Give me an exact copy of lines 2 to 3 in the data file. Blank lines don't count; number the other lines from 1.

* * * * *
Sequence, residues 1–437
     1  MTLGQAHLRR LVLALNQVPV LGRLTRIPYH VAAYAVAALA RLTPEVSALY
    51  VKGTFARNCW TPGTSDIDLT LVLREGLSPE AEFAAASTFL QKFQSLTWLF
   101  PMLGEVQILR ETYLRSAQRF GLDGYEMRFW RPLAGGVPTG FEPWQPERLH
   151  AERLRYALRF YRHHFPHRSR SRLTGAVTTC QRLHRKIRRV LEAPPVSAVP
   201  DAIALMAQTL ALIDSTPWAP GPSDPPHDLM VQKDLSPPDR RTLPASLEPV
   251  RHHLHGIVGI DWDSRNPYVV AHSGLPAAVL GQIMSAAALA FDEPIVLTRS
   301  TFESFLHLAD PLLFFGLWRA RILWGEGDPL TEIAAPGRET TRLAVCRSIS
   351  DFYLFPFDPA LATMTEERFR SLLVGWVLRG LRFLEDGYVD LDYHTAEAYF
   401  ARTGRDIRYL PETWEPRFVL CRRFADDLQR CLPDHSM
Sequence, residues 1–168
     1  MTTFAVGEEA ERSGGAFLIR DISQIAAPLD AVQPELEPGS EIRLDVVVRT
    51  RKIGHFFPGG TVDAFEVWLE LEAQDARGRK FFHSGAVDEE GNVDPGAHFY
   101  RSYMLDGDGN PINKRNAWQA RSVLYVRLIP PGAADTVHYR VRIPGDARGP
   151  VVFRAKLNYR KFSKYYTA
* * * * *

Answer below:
     1  MTLGQAHLRR LVLALNQVPV LGRLTRIPYH VAAYAVAALA RLTPEVSALY
    51  VKGTFARNCW TPGTSDIDLT LVLREGLSPE AEFAAASTFL QKFQSLTWLF